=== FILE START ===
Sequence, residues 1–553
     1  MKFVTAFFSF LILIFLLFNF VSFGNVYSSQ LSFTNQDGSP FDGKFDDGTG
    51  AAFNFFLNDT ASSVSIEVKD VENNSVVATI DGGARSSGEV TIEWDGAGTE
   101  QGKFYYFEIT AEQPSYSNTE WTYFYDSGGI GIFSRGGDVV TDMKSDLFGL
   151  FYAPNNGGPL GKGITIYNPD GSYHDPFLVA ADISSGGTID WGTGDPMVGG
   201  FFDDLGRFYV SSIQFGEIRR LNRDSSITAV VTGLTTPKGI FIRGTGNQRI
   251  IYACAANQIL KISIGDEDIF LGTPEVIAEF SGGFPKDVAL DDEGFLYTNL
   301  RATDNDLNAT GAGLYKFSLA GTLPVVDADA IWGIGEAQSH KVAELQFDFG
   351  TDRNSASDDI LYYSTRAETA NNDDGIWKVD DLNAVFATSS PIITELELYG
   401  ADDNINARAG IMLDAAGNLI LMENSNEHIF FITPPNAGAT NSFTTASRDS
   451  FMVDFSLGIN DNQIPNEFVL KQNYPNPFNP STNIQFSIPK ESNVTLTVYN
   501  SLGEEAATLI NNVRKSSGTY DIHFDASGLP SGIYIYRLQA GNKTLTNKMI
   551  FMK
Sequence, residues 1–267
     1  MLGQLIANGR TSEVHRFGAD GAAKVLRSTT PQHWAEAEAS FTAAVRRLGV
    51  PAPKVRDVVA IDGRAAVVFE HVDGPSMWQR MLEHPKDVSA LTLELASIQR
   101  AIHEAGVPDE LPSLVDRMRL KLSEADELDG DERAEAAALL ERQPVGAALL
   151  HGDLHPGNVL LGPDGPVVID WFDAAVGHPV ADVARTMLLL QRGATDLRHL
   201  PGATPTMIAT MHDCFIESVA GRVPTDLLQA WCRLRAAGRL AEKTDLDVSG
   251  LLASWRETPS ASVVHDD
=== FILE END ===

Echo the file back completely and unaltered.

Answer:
Sequence, residues 1–553
     1  MKFVTAFFSF LILIFLLFNF VSFGNVYSSQ LSFTNQDGSP FDGKFDDGTG
    51  AAFNFFLNDT ASSVSIEVKD VENNSVVATI DGGARSSGEV TIEWDGAGTE
   101  QGKFYYFEIT AEQPSYSNTE WTYFYDSGGI GIFSRGGDVV TDMKSDLFGL
   151  FYAPNNGGPL GKGITIYNPD GSYHDPFLVA ADISSGGTID WGTGDPMVGG
   201  FFDDLGRFYV SSIQFGEIRR LNRDSSITAV VTGLTTPKGI FIRGTGNQRI
   251  IYACAANQIL KISIGDEDIF LGTPEVIAEF SGGFPKDVAL DDEGFLYTNL
   301  RATDNDLNAT GAGLYKFSLA GTLPVVDADA IWGIGEAQSH KVAELQFDFG
   351  TDRNSASDDI LYYSTRAETA NNDDGIWKVD DLNAVFATSS PIITELELYG
   401  ADDNINARAG IMLDAAGNLI LMENSNEHIF FITPPNAGAT NSFTTASRDS
   451  FMVDFSLGIN DNQIPNEFVL KQNYPNPFNP STNIQFSIPK ESNVTLTVYN
   501  SLGEEAATLI NNVRKSSGTY DIHFDASGLP SGIYIYRLQA GNKTLTNKMI
   551  FMK
Sequence, residues 1–267
     1  MLGQLIANGR TSEVHRFGAD GAAKVLRSTT PQHWAEAEAS FTAAVRRLGV
    51  PAPKVRDVVA IDGRAAVVFE HVDGPSMWQR MLEHPKDVSA LTLELASIQR
   101  AIHEAGVPDE LPSLVDRMRL KLSEADELDG DERAEAAALL ERQPVGAALL
   151  HGDLHPGNVL LGPDGPVVID WFDAAVGHPV ADVARTMLLL QRGATDLRHL
   201  PGATPTMIAT MHDCFIESVA GRVPTDLLQA WCRLRAAGRL AEKTDLDVSG
   251  LLASWRETPS ASVVHDD